Aside from franchising, do you have the capacity to serve a larger market with your current setup?

05-31-2011, 04:49 PM
This is a very long and painful process. I helped a client who wanted to do this. I had know knowledge prior to helping them and I was in over my head and I am generally pretty good with government paperwork and how things are done. There is an application to complete. This part is fairly simple, just detailed. The painful part is that the government requires you to give a COMPLETE book of how your company runs. Extremely detailed. They ask for it to be at least 200 pages! This includes EVERY aspect and detail of your company.

Example: Subway is a franchise! Their franchise book has to explain everything the company has to do from book keeping, customer interaction, food handling, company uniforms, wage data, hiring and firing, company structure. Everything down to how the inside and outside of the building looks. Even things like if your employees wear nametags or not and how they look! I had to write one of these out for a client for a VERY basic company structure and it was around 230 pages.

They also require ALL accounting info including all cost, profit for several years. Again this has to be as detailed as possible and for as far back as possible.

After that there is more paperwork and after all of that it can still get denied. Many franchises are denied. I forget the % offhand. Something like 80-90% of companies get denied to be franchised.

I know there is more, but that is some of it to think about getting together before you even start the paperwork. What I did to get an outline to build the franchise book was use their business plan and business model and expand on it in detail.

Good luck! Would love to hear how it works out!

12-22-2012, 12:05 PM
I’ve “franchised” businesses myself and have helped others. So here are a few comments.
Don’t be afraid to franchise. Many, many small businesses have followed that path.

Assuming all the “business” aspects are in place, successful model, etc. the actual steps to becoming a franchise are very standard and not nearly as difficult as you may think.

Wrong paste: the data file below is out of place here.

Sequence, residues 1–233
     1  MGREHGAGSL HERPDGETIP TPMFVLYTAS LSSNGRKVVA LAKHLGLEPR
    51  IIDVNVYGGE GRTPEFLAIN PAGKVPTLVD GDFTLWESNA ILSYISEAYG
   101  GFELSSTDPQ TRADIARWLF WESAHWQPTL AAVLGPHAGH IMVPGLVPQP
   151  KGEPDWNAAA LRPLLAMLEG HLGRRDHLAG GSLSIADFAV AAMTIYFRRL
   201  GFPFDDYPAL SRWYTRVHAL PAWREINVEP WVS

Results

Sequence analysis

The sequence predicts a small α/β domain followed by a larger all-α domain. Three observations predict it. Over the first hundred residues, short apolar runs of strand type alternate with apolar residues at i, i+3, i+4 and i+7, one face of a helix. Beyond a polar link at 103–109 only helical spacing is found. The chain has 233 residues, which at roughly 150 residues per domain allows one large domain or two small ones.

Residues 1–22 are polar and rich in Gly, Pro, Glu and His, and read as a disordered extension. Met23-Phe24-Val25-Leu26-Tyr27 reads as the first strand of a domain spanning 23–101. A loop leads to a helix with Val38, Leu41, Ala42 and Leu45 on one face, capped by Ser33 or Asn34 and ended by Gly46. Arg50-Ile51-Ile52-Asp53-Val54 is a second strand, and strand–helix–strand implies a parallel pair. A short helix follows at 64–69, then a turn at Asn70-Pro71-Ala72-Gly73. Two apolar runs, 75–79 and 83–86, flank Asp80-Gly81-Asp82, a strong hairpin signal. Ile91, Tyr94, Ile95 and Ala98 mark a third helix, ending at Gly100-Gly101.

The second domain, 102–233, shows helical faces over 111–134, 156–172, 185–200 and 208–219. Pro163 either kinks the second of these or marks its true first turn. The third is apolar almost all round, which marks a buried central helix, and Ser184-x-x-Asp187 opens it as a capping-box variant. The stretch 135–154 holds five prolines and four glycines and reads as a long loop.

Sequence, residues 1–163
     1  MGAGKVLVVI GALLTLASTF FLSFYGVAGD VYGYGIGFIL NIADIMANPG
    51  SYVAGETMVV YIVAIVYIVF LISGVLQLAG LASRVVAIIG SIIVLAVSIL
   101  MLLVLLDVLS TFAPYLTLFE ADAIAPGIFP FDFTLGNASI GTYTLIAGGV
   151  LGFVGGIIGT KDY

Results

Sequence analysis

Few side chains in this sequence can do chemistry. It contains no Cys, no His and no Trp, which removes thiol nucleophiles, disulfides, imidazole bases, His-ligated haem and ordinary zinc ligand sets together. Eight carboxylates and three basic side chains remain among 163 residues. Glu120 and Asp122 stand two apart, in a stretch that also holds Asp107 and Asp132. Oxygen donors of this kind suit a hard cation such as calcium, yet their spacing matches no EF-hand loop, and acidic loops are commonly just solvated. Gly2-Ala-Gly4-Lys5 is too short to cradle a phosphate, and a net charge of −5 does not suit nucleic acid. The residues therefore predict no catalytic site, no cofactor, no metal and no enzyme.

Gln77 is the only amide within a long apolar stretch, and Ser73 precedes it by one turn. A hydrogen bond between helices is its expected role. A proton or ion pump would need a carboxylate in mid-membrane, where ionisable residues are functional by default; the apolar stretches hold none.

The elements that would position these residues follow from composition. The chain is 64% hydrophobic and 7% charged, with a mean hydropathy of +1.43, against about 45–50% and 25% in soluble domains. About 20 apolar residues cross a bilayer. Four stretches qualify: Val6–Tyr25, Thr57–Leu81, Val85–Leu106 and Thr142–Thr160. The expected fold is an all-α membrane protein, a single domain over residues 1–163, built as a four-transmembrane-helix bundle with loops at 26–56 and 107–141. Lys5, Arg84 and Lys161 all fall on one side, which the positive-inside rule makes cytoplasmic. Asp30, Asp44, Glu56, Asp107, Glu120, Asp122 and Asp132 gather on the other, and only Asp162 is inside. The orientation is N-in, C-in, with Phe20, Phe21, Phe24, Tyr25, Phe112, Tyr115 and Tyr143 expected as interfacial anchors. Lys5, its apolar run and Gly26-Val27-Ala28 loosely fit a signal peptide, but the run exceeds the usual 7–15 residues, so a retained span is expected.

As someone mentioned you need the main legal document, the FDD, or Franchise Disclosure Document. This document is a format prescribed by the FTC that simply assures full disclosure of all aspects of the offering. It’s long and tedious but pretty much boilerplate. It doesn’t require actual FTC review. You must also follow some relatively easy procedures such as allowing 10 days before you can accept a franchise fee. Actually, other than having created the format, the FTC has little to do with franchises. It isn’t reviewed or approved by the FTC. However, if there are enough complaints they will prohibit you from further franchising.
The real importance of complying with the FDD is simply that if you are sued by a franchisee and your FDD is not prepared properly you automatically lose.

It is the states that you really have to deal with. Most states have very little oversight regarding franchising. Most states do not even require that you submit your franchise (FDD) for review. There are some states that do have more rigorous regulations and do require a review and approval. The toughest is California. Florida on the other hand just requires a $ 100 annual fee, without ever reviewing your FDD. Again, it’s the courtroom where the FDD is critical.

An FDD can be prepared by Franchise attorneys for less than $ 10,000. It’s the larger “Franchising” companies that are expensive. You can save a lot of money by simply addressing the various issue yourself, prior to hiring an attorney. You can actually prepare your own FDD and then have an attorney review and edit. I’ve done that myself.

The hard part is marketing! Even assuming it is a profitable business, selling franchise opportunities is very difficult and extremely competitive. That is a whole other discussion.

More difficult than the legal documents is the operating manual.

The process may seem complicated, but in reality it’s a standard format that is just tedious.

05-15-2013, 05:37 AM
If your business lead is familiar among the public to a certain area of your operation or beyond the area of operation or your customers are more in the area you are looking for, may need to open a branch office. It is better than franchising. Royalty would very lean than the direct marketing profit. More business people are expecting franchise for familiar products and brands.